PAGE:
"If you write FOR a particular market or FOR a particular editor you will often miss the mark. But if you write because your fingers have danced across the keyboard, because a character has tapped you on the shoulder, because a story has settled in your heart, then even if you never sell it you have done the work you were meant to do. And sometime, dear readers, real magic happens." Jane Yolen

12/30/15

2015 - Looking Back

I know - I haven't blogged much this year. But it doesn't mean I haven't been pressing forward. And it's good to acknowledge progress, right? So - here I am, doing just that.

At the beginning of 2015, I set some goals - and picked a one word theme. And, as I generally do around this time of year, I am going to look at them and see how I did.

What were they, you ask? Well, here you go - straight from my first post of this year:
  • Complete at least twelve picture book rough drafts
  • Do substantial revisions on at least six picture book manuscripts
  • Do at least one specific, relatively substantial, thing to improve my children's writing craft each month (e.g. take a class, read a craft book, participate in a picture book-related challenge, get a substantial critique, etc.).
  •  Work on a picture book manuscript for five minutes or more at least five days a week the vast majority of weeks.
 And how did I do?
  • I did NOT complete twelve rough drafts. I would say I managed five or six - but my focus changed a bit later, so I am fine with that.
  • I definitely worked on revisions more this year - though I probably only did five substantial ones
  • January was ReviMo, February was creating and submitting a PB pitch to a blog for feedback, March was ReFoReMo, April RhyPiBoMo, May working through a good portion of a craft book, June I think I skipped, July and August were Kidlit Summer School, September I skipped, October was a one-day children's writer's conference, November was PiBoIdMo, and December I skipped (unless something substantial comes up in the next 48 hours or so :::r:::). So - nine out of twelve months. Not bad :)
  • I went through my little calendar just now (I put a "w" every time I wrote a PB, and a R when I revised) and I did one or the other five times a week 35 out of 52 weeks, with the VAST majority of the rest either four or five days. I am pleased, for the most part.
And - my one word last year was "Closer" - and I feel like it was "a success." It helped keep me focused on making progress in a lot of areas.

So - there it is :)

Watch for another post in the next few days on my word and goals for 2016.

How was YOUR 2015?


My heart is stirred by a noble theme as I recite my verses for the king; my tongue is the pen of a skillful writer. Psalm 45:1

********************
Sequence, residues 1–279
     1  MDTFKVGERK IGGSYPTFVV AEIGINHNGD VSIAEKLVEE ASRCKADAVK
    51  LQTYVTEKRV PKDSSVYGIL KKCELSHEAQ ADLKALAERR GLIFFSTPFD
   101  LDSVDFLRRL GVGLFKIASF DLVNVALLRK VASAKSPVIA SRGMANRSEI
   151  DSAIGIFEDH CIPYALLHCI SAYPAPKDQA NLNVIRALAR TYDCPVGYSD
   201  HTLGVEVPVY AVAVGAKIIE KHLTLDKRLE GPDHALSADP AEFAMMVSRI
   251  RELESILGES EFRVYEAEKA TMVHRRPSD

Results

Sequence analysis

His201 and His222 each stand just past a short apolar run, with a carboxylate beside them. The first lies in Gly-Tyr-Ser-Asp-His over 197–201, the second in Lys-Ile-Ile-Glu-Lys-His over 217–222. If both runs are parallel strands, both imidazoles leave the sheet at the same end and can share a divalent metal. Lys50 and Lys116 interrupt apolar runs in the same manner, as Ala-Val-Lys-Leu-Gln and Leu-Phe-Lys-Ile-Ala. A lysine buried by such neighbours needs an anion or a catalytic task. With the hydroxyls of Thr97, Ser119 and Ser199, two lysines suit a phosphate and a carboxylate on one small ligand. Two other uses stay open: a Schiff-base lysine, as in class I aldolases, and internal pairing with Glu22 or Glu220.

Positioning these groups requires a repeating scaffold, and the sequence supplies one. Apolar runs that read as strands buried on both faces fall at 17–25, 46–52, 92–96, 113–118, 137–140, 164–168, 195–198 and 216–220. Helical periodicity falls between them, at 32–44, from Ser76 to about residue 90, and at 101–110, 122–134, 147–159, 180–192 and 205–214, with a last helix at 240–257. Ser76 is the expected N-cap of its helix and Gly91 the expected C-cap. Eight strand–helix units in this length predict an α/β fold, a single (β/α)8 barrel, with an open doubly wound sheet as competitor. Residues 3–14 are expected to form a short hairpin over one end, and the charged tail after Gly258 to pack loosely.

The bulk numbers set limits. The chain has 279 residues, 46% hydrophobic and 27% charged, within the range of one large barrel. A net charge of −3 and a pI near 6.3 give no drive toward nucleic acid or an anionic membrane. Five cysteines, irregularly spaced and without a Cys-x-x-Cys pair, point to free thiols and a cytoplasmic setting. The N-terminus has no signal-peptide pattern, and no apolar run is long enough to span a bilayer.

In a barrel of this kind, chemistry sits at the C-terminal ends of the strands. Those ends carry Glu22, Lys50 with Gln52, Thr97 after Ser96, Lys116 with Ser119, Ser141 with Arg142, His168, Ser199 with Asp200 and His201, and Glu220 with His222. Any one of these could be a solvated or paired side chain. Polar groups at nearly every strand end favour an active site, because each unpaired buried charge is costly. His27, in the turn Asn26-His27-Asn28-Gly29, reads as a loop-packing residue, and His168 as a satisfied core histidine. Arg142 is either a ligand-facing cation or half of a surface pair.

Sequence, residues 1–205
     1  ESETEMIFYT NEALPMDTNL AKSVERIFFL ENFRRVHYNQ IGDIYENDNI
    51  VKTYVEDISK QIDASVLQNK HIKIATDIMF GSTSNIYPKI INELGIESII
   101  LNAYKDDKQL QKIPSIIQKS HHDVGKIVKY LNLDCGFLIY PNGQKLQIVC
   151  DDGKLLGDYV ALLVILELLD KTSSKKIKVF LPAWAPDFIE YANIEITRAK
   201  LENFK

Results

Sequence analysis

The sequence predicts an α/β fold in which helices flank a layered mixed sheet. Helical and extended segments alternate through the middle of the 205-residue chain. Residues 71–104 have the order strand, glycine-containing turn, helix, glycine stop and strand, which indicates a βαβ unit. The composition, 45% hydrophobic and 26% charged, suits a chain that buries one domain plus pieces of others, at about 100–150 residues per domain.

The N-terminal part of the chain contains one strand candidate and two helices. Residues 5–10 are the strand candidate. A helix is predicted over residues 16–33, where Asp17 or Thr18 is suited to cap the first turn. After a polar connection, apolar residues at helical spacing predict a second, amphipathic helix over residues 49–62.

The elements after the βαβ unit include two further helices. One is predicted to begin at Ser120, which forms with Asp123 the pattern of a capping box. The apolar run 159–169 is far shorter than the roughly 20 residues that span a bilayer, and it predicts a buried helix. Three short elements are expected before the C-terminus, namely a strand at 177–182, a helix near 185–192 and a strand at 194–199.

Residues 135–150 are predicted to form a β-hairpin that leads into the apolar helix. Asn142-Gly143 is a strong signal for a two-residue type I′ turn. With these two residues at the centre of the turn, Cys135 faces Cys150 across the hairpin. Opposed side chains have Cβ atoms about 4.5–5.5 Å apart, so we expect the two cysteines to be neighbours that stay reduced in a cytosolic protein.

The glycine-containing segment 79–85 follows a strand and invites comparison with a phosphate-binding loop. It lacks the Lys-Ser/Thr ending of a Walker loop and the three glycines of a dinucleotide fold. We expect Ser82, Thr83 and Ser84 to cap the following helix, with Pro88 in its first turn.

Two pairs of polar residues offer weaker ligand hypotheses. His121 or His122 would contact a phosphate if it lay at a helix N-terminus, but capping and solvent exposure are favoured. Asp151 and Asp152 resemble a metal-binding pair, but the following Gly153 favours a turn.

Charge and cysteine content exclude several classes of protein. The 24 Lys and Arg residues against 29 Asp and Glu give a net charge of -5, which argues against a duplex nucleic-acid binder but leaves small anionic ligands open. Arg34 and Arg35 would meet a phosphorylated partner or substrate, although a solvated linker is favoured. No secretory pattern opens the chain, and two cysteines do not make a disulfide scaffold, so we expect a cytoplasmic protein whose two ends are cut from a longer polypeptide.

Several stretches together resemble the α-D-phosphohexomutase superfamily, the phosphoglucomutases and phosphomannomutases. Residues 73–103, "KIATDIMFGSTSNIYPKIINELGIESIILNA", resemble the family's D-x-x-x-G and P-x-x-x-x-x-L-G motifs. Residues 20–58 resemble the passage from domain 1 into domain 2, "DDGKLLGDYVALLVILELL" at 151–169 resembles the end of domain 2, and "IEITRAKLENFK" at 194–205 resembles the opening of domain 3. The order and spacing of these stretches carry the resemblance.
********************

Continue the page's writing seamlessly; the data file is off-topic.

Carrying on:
12/11/15

Precious Cargo - a 5th Annual Holiday Contest Entry

Yes - I know I have neglected my blog. This is my first post since April, but when I saw Susanna Hill's 5th Annual Holiday Contest, and checked out the topic, I got an idea immediately - and posting the entry on your blog is kinda part of the process. See the rules - and the other contributions - at her blog. But the basics? 350 words or less, holiday themed, and with a specific first several words (or variation)

So - I got the idea when I looked at the post Monday, but I didn't get it finished until (literally) just now. I hope you like it. (And just FYI: "Chaim" - the Hebrew word for "life," is basically pronounced "HI-yum" - but combined into one syllable)

Precious Cargo

by Joanne Sher

Grazing near the hitching post behind The Belthlehem Inn, Chaim the donkey searched in vain for a water trough. People? Everywhere. Hay? Plenty. But water? Nowhere.

Chaim stretched out his back, working the kinks out. Not only had he traveled all the way from Nazareth, but he'd had precious (and heavy) cargo on his back. His rider was going to have a baby, so he'd tried to walk smoothly and gently, but now his muscles ached.

Chaim dropped to the ground and scratched his back against the brush. “So much better. Now where can I get a drink?”

Fumbling as he attempted to rise, the donkey spotted a small building off in the distance. “Looks like a stable.”

Chaim strode toward it, his tongue sticking to the roof of his mouth. He sped up as he heard rustling inside, but as he approached, his eyes widened. Human voices? A giggle?

Chaim's ears perked up. He knew those people. But why were they in the stable?

A high pitched wail rang through the stable walls, then ended. As Chaim walked in, he smiled at its source.

His former rider and her husband, standing over a water trough – and inside, a newborn baby wrapped in cloths. Chaim inspected the little one, rubbing up against him and sniffing his tiny fingers. The baby responded with a sigh, and his mother with a rub on Chaim's back. Chaim stuck his dry tongue out in the hopes of a few drops around the child in the trough. Again, nothing.

“You won't find any water here – just our precious baby.” Mary smiled and gazed down at the infant.

The donkey let out a dry cough. Joseph carried a small bucket and placed it under Chaim's nose. “For you, my donkey friend. I am afraid we have been busy since we left you.” He and Mary chuckled.

As he lapped up the water, he heard another strange sound.

“An angel told us to come here to see the Savior.”

Chaim gazed at the shepherds in awe. He had been carrying precious cargo.

**

Hope you enjoyed the story - be sure to stop by Susanna's post and see all the other amazing entries!

 
My heart is stirred by a noble theme as I recite my verses for the king; my tongue is the pen of a skillful writer. Psalm 45:1

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